revenue from operations need to be disclosed separately as revenue from (a) sale of products. Under the Revised Schedule VI. Further.5. stocks. the term “under lease” should be taken to mean assets given on operating lease in the case of lessor and assets held under finance lease in the case of lessee.100. such as raw material consumption. (b) sale of services and (c) other operating revenues. This format of Statement of Profit and Loss does not mention any appropriation item on its face. the Revised Schedule VI lays down a format for the presentation of Statement of Profit and Loss. whichever is higher. However do not apply to companies as referred to in the proviso to Section 211 (1) and Section 211 (2) of the Act. any item of income or expense which exceeds one per cent of the revenue from operations or Rs. any other class of company for which a form of Balance Sheet and Profit and Loss account has been specified in or under any other Act governing such class of company. • As per revised schedule VI.• “Capital advances” are specifically required to be presented separately under the head “Loans & advances” rather than including elsewhere.000 (earlier 1 % of total revenue or Rs. any company engaged in the generation or supply of electricity or 3. needs to be disclosed separately. details of only capital commitments were required t o be disclosed.. • In the Old Schedule VI. • Tangible assets under lease are required to be separately specified under each class of asset. or 2. The broad heads need to be decided based on materiality and presentation of true and fair view of the financial statements. other commitments also need to be disclosed. any insurance or banking company.e. • Unlike the Old Schedule VI.000). • Break-up in terms of quantitative disclosures for significant items of Statement of Profit and Loss. Key Features of Revised Schedule VI – Statement of Profit and Loss: • The name has been changed to “Statement of Profit and Loss” as against „Profit and Loss Account‟ as contained in the Old Schedule VI. i. 1. • In respect of companies other than finance companies. . the Revised Schedule VI format prescribes such „below the line‟ adjustments to be presented under “Reserves and Surplus” in the Balance Sheet. purchases and sales have been simplified and replaced with the disclosure of “broad heads” only. Revised Schedule VI: Features APPLICABILITY OF REVISED SCHEDULE VI Revised Schedule VI applicable to all companies for the financial year commencing from 01st April 2011. In the absence of any further clarification. • Net exchange gain/loss on foreign currency borrowings to the extent considered as an adjustment to interest cost needs to be disclosed separately as finance cost.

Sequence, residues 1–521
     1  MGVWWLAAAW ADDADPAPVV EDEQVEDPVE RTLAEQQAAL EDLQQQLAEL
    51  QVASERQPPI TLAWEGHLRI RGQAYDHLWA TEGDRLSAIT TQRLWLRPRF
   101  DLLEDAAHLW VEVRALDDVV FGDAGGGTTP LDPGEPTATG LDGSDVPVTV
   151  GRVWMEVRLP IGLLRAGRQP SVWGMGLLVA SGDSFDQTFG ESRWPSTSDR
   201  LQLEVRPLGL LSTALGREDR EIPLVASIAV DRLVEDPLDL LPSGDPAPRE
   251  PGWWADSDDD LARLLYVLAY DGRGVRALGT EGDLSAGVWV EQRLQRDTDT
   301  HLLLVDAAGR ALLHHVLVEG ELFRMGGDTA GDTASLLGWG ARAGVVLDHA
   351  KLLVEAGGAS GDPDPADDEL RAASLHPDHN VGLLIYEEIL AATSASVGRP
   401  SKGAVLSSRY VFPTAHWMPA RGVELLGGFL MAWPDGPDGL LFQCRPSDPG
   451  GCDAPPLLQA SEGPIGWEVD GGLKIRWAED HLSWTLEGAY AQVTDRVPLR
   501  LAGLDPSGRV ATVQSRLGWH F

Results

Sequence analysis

of current reporting of previous period reporting period Particulars (1)Shareholders’ Funds Share Capital Reserve & Surplus Money Reserved against share warrants (2)Share Application money pending Allotment (3)Non Current Liabilities Long Term Borrowings Deferred Tax Liabilities (Net) Other Long Term Liabilities Long Term Provisions (4)Current Liabilitie Short Term Borrowings Trade Payables Other Current Liabilities Short Term Provisions TOTAL PART 1 FORM OF BALANCE SHEET .Part 1 form of balance sheet. .equity & LIABILITIES Figures at the end Figures at the end Note No.Current Assets (a) Fixed Assets Tangible Assets Intangible Assets Capital Work in progress Note No.ASSETS Figures at the Figures at the end of current end of previous reporting period reporting period Particulars Non.

The revised schedule prescribes a vertical format for presentation of balance sheet. 6.The term “sundry debtors” has been replaced with the term “trade receivables.Eliminated the concept of „schedule‟ and such information is now to be furnished in the notes to accounts. details of only capital commitments were required to be disclosed.In the Old Schedule VI. Part II – Statement of Profit & Loss . 4. 2.In case of any conflict between the AS and the Schedule.Revised Schedule VI requires separate disclosure of “trade receivables outstanding for a period exceeding six months from the date the bill/invoice is due for payment.” 9. other commitments also need to be disclosed. 3. 5.Intangible Assets under development (b) Non.” 7.Any debit balance in the Statement of Profit and Loss will be disclosed under the head “Reserves and surplus.Number of shares held by each shareholder holding more than 5% shares now needs to be disclosed. AS shall prevail.Current Investments (c) Deferred Tax Assets (net) (d) Long Term Loans & Advances (e) Other Non-Current Assets Current Assets Current Investments Inventories Trade Receivables Cash and Cash Equivalents Short Term Loans and Advances Other Current Assets TOTAL FEATURES OF REVISED SCHEDULE VI – BALANCE SHEET 1.All Assets and liabilities classified into current and non-current and presented separately on the face of the Balance Sheet.“Capital advances” are specifically required to be presented separately under the head “Loans & advances” rather than including elsewhere. 10. Under the Revised Schedule VI. 8.